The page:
A dispatch from Bacon Bash 2012, by a bacon convert
So here’s an interesting fact for you: I hate bacon. Or at least, I hated the concept of it until New York’s First Annual Bacon Bash last Saturday. Possibly a lot of it has to do with how I “got to know” bacon. Dairy Queen’s commercials were my first exposure to the sight of it. Wendy’s Baconator was my first smell of it, and American Airlines’ “hot dinners” were my first taste of it. I had no preconditions to like bacon.
Second interesting fact: I’m a bit of a masochist and like to make myself do things I will not like, which is why I signed up to go to the Bacon Bash. Four bacon tastes, one craft beer taste, and free admission. What would I get myself into?
When I entered the Arena Event Space at 135 W. 41st St, I chose my four tastes carefully. Bacon chili was the first on my list, courtesy of Lucky 777 Chili. I expected to clinch my nose as I chewed it but ended up downing the cup in less than a minute The double meatiness had meant double the flavor. I dared myself to follow it with Baconery’s mini cheddar jalapeño cornbread, which turned out to be a not so spicy, pleasant injection of carbs into my system.
It wasn’t until I encountered Little Town NYC’s bacon stand that I noted just how radical these people might take it with their bacon. In the middle of a plate lay bacon melon balls—no exaggeration. What looked like parmesan cheese on top was actually powdered bacon.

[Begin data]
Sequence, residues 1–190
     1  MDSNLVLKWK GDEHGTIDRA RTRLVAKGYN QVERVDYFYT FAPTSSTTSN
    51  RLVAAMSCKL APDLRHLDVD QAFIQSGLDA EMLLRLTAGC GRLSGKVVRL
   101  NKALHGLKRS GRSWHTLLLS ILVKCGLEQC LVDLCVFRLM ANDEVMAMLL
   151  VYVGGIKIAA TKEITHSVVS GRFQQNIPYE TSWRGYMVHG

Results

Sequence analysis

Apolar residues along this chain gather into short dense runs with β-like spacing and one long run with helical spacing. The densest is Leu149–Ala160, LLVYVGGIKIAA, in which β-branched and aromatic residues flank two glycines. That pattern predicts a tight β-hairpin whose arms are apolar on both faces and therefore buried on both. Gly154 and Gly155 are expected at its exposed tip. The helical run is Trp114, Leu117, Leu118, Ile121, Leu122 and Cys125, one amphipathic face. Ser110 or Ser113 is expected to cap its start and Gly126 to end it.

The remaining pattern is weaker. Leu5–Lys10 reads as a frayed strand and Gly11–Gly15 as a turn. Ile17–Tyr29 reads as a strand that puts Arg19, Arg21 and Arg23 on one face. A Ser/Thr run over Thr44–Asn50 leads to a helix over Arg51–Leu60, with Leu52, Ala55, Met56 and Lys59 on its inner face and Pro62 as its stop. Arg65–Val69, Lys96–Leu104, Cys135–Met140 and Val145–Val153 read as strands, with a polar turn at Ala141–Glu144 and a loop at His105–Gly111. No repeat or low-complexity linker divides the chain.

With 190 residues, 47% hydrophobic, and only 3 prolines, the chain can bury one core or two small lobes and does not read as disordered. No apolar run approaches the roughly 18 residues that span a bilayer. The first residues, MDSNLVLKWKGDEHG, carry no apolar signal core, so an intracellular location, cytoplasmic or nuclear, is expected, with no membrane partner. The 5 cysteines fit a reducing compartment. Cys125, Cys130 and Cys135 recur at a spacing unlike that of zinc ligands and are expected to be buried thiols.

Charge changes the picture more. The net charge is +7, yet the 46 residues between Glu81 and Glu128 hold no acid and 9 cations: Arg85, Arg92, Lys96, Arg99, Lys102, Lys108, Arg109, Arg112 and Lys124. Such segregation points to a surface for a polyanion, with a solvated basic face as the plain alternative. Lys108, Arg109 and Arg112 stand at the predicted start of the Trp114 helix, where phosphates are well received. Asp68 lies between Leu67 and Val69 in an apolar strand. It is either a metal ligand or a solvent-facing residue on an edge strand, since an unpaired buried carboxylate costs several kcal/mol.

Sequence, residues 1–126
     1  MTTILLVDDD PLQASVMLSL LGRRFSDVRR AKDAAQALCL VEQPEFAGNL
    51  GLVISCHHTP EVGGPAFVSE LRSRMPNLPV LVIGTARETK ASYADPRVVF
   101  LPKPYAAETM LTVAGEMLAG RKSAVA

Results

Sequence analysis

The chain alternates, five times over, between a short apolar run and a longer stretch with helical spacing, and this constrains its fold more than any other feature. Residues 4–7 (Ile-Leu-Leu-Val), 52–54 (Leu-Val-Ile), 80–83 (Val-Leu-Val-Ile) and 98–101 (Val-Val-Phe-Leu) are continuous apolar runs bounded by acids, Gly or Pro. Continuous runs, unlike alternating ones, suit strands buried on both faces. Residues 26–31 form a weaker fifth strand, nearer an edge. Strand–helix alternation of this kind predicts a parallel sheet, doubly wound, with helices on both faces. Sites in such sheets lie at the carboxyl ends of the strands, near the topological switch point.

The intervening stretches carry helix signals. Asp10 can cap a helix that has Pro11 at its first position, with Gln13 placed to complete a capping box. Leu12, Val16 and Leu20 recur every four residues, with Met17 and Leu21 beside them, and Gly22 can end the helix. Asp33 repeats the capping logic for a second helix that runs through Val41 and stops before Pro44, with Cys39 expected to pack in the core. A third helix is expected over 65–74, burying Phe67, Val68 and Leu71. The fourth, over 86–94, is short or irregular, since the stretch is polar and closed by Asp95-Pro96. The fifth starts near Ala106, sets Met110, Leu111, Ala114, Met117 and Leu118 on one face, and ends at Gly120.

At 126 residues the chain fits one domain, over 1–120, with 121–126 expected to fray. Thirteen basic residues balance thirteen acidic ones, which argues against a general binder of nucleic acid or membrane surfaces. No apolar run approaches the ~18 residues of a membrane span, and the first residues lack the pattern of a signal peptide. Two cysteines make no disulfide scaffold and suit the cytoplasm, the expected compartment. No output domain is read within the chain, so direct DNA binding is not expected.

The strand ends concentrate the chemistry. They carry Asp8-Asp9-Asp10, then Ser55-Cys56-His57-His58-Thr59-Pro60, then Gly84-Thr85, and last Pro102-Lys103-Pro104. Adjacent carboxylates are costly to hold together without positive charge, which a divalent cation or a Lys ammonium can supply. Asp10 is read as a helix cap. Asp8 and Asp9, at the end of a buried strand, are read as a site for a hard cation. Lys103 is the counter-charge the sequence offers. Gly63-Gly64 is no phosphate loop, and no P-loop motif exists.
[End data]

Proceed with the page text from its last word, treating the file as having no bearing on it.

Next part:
Third interesting fact: I hate melon. This isn’t the result of traumatic melon memories. I just hate it. So of course I tried it. And of course, I loved it. The half-sweet tartness was masked by the intense salty powder, creating a fusion of flavors that eclipsed anything I might have disliked about melons.
By the end of the first hour and a half, I had a bittersweet chocolate toffee bacon cupcake in my hand from Prohibition Bakery. Now all I needed was a craft beer. I asked the bartender for a Rogue Voodoo Doughnut Bacon Maple Ale. To my chagrin, she didn’t lay a strip of bacon across my drink like she had for two men before me.
Then I took a sip and that chagrin was gone. The taste of alcohol was smoothened by the more prevalent taste of bacon. I sat in a corner overlooking the main area and alternated between licking the bacon-sprinkled chocolate toffee and sipping my bacon beer. From my perch, I saw two types of people in the room: the stereotypical one, with balding and head-shaved men with hanging potbellies donning Harley Davidson t-shirts, who were likely to switch them for the “I <3 Bacon t-shirts” being sold. Then, the crowd that deviated from the norm of the bacon-lover I envisioned: skinny girls in fitted cocktail shorts, men in polos, and of course, me, the bacon-hater.
I was so amazed by the bacon that three days later, I talked on and on about it to my bacon-loving friends to win their envy (which I did) and hoped to bask in their “I’m so jealous” statements (I did). I even blabbered to my Orthodox Jewish friend about it, and was confused for about a minute when he expressed no jealousy in return.
Next year, during round two, I hope to do a bacon vodka shot and hope for more opportunities to try all craft beers. Until then, though, bye, bacon: beyond Bacon Bash, I’m going to be discerning with your kind until you regain my trust in bacon.
Leave a Comment
Be nice. Don't use HTML tags. And consider reading our full comment policy.